In the old Minto Park grounds, which are now known as the Iqbal Park grounds, is a towering spire of about 60 metres in height that just about every Pakistani knows by sight. It is the Minar-e-Pakistan, formerly the Yadgar-e-Pakistan, a tower that is said to be the symbol of Pakistan’s independence.
This is because the Minar-e-Pakistan stands on the spot where the All-India Muslim League, a group organising for the promotion of a distinct nation that would be composed primarily of Muslims, passed what is now often referred to as the Pakistan Resolution on the 23rd of March in 1940. The resolution (which, by the way, is also referred to on occasion as the Lahore Resolution) was the political resolution that eventually saw the birth of the independent Muslim state of Pakistan, whose name was taken upon the recommendation of the Muslim nationalist Choudhry Rahmat Ali. The original proposition was actually PAKSTAN (sans the “I”), with the characters taken from the first letters of the different regions supposed to be in the new state: Punjab, the Afghan Province (the Frontiers of the North-West), Kashmir, Sind, and Baluchistan. The “I” was added later to make it friendlier to the tongue.
But those who think the Minar-e-Pakistan is a place of significance only to Pakistanis could not be more wrong. When Jawaharlal Nehru, the first prime minister of India once it gained independence, got together with the Indian National Congress to declare the goal of “Poorna Swaraj” (total independence, in particular from the British), they came to Lahore and to the very site of the Minar.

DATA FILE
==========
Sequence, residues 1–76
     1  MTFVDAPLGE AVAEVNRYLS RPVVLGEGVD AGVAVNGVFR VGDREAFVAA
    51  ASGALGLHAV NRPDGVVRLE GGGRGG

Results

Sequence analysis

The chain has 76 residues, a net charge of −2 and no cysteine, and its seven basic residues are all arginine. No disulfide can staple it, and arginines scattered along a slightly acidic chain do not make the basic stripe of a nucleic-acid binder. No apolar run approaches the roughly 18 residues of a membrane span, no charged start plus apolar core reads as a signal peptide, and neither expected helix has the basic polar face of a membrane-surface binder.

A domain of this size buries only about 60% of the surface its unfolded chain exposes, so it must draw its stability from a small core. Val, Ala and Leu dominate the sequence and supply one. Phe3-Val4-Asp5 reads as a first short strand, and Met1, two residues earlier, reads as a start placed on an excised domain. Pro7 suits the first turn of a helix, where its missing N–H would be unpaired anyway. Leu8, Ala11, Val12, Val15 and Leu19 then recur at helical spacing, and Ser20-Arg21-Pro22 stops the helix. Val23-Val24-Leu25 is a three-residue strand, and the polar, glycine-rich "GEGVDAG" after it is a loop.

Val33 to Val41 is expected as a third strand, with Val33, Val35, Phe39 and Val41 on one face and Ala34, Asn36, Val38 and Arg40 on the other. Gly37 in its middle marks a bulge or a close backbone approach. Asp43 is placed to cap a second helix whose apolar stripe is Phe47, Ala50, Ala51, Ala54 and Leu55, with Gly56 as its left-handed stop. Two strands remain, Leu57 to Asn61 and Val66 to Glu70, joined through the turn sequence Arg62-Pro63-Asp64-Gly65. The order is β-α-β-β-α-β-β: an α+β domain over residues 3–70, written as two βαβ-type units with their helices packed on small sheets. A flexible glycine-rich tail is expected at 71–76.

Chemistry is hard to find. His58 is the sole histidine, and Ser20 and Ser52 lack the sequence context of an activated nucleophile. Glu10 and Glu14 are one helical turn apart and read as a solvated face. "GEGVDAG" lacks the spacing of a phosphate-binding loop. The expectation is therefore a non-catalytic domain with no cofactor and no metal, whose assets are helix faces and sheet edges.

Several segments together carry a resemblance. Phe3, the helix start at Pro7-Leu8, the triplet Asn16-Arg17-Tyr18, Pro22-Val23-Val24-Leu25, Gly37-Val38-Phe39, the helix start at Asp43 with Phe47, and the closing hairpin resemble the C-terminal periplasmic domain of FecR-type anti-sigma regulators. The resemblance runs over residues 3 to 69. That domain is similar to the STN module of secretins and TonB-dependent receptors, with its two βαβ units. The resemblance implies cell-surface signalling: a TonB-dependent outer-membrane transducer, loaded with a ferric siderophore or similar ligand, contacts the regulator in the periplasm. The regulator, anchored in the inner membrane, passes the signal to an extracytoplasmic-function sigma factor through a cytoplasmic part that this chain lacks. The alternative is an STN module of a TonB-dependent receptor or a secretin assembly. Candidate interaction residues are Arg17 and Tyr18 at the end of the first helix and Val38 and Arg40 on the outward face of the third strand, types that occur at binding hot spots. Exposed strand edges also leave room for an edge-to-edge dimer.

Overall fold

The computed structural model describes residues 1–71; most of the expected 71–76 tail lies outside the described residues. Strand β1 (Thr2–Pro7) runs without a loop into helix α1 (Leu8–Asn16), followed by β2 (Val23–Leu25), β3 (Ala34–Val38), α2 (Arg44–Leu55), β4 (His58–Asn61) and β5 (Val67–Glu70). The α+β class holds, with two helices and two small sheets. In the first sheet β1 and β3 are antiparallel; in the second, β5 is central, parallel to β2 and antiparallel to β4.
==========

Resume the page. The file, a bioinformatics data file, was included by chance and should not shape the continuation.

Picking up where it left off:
With such a history, one may well expect the site to continue to attract people with political axes to grind, and such is the case. One cannot call it overly common, but one cannot call it rare either to hear of some political meeting being held in the park where the monument stands. Only in the latter part of 2011, a host people estimated to be around half a million strong gathered here to hear the Imran Khan, leader of the Tehreek-e-Insaf, make a speech that held a number of threatening words to the Pakistani government officials. Even for the location, the numbers of the crowd that day were an exception, however. Iqbal Park is usually quite sparse of visitors-or appears to be so due to its immense size and spacious design. On most days, a visit to the park should be relatively peaceful.
There is a bit of a dark side to Naseer-ud-Din Mira’at Khan’s (the architect of the Minar-e-Pakistan) tower, though. As mentioned earlier, the park is generally a serene place, one of wide-open spaces, well-trimmed grass, a modest tomb for Hafeez Jullundhri (the writer of the Pakistani national anthem), soothing fountains, and a man-made lake. But every now and then, suicides have been recorded as taking place in the park. Most of them were made by “jumpers”, people leaping from the top of the tower, which is why the authorities have decided to close the top to the public, to be safe.